The ancient Greeks played an integral role in forming modern society. We have a lot to thank the Greeks for, from systems of government to aspects of the justice system and even plumbing. Not all practices stood the test of time, though, as intimacy in ancient Greece was a far cry from modern romance.
Ancient Greece's views on copulation were far less conservative than contemporary society's. Doing the dirty with both men and women was the norm in Athens, and men often took on proteges who doubled as passive physical partners. Copulation in ancient times played an important role in culture and societal hierarchy - but the same does not apply to kissing. Men expected women to become homemakers and bear sons, despite the fact ancient Greeks frequently perished while giving birth.
Many think of ancient Greece as a free-for-all when it came to physical relations, and in some ways, it was. There were, however, social structures and unspoken rules concerning the practice.
Stigmas surrounding sexual identity didn't exist in ancient Greek culture, at least for men. Relations between men was not only acceptable but encouraged. There was no word for homosexuality, either; the practice was part of the broader concept of love, or "aphrodisia," uninfluenced by gender or sex.
This is not to say it was a golden age for relationships between two people of the same gender. Historians believe ancient Athenian men regarded penetration and dominance as a status symbol. If a man acted as the passive partner (pathikos), or if a fully grown man permitted penetration from another grown man, he often endured ridicule. The ancient Athenians had a derogatory name for these men: kinaidoi.
In ancient Greece, with carnal pleasures being so matter-of-fact, it's reasonable to assume self-pleasure, too, would appear less taboo. Though it had fewer restrictions than in modern times, as a matter of public discussion, self-love was usually an object of humor, as in Aristophanes's play where the public deemed it an inferior, silly act.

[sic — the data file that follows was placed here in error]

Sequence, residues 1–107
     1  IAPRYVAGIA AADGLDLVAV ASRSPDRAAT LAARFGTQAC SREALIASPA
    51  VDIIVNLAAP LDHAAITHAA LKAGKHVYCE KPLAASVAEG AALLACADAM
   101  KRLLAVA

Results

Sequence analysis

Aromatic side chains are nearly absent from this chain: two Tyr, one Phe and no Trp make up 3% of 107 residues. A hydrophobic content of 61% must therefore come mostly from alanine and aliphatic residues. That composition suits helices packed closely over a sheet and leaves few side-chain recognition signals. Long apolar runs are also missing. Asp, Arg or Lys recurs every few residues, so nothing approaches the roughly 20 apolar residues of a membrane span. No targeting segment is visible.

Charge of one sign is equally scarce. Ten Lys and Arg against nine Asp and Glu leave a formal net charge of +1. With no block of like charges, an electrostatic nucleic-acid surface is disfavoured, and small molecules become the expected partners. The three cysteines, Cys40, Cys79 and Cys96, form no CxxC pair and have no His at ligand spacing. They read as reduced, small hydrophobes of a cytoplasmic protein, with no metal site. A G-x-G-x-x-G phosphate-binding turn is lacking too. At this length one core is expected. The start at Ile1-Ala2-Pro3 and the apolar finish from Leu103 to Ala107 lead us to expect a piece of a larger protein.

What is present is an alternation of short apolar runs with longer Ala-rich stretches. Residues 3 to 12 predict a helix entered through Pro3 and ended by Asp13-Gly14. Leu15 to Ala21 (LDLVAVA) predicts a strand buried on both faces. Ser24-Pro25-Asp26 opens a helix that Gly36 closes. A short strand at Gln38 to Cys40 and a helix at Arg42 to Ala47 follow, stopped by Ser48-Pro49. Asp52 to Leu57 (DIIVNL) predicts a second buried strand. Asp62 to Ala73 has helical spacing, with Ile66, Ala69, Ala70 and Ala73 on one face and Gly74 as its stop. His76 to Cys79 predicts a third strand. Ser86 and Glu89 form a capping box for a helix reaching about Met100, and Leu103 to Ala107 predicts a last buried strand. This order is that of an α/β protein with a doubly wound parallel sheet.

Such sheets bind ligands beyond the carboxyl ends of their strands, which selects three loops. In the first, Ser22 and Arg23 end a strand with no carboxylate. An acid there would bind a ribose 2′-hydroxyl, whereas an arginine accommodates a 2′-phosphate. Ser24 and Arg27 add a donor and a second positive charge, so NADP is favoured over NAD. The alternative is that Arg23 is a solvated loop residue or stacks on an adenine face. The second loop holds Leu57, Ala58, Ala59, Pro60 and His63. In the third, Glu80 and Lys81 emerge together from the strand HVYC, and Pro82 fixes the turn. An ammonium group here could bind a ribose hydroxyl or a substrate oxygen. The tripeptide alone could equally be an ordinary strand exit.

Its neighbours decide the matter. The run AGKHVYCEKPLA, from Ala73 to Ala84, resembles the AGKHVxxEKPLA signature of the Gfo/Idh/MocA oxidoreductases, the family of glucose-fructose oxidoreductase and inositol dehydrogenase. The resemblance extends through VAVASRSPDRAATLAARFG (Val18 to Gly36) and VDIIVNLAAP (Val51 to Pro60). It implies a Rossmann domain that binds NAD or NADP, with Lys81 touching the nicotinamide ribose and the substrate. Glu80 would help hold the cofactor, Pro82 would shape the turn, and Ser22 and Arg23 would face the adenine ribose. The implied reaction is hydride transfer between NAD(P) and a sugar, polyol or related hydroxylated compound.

Forms of self-love took prominence in art, but they often depicted lesser non-citizens, such as women, partaking in the act. These illustrations often showed self-pleasure during or after a physically charged event, such as a symposium. Frequently, it was the female workers pleasuring themselves, not the men.
Self-love was also associated with slaves; it was a symbol of their lowly status. Coitus had widespread acceptance in Greek society, but to pleasure oneself without another person involved was embarrassing by Greek standards.
Ancient Greece's relaxed views of carnality included some practices society now deems reprehensible. Pederasty, or when an older man took on a younger male student as a protege and physical partner, is easily the most distressing.
The act reflected attitudes about domination and submission in Greek culture, as intimate relations were more about satisfying the dominant partner than the submissive one.
Plato's Symposium suggests the love between two men - specifically the love between an older man and a younger one - is the purest form of love, as it has roots in the desire to share knowledge and worldviews; desire served as a bonus, not the driver of the relationship.
Greece did not always welcome these attitudes; by around 450 BCE, laws discouraged harlotry (though the laws mostly applied to men - they affected a person's ability to run for office, which was not possible for women). Still, it is believed that there was a "large discrepancy" between official laws and actual custom.
The patriarchal norms of ancient Greece, combined with mythology filled with gods snatching and violating women, implied that forcing oneself on someone was not a heinous offense. The Greek gods, particularly Zeus, were notorious for snatching up and tricking women into copulation. It wasn't only mortal women who suffered at the hands of ravenous gods; goddesses were also victims of such assault in myth.
Though the gods weren't like the aspirational, flawless figures of other religions, it's clear the attitudes toward such assault were laxer in ancient times. Seducing a married woman was allegedly worse than forcing oneself on someone, as it required one to treat another man's "property" as his own, making it a kind of theft. Herodotus's writings (reportedly echoed by the Greeks) said that while forcing oneself on someone was unjust, it did not need avenging.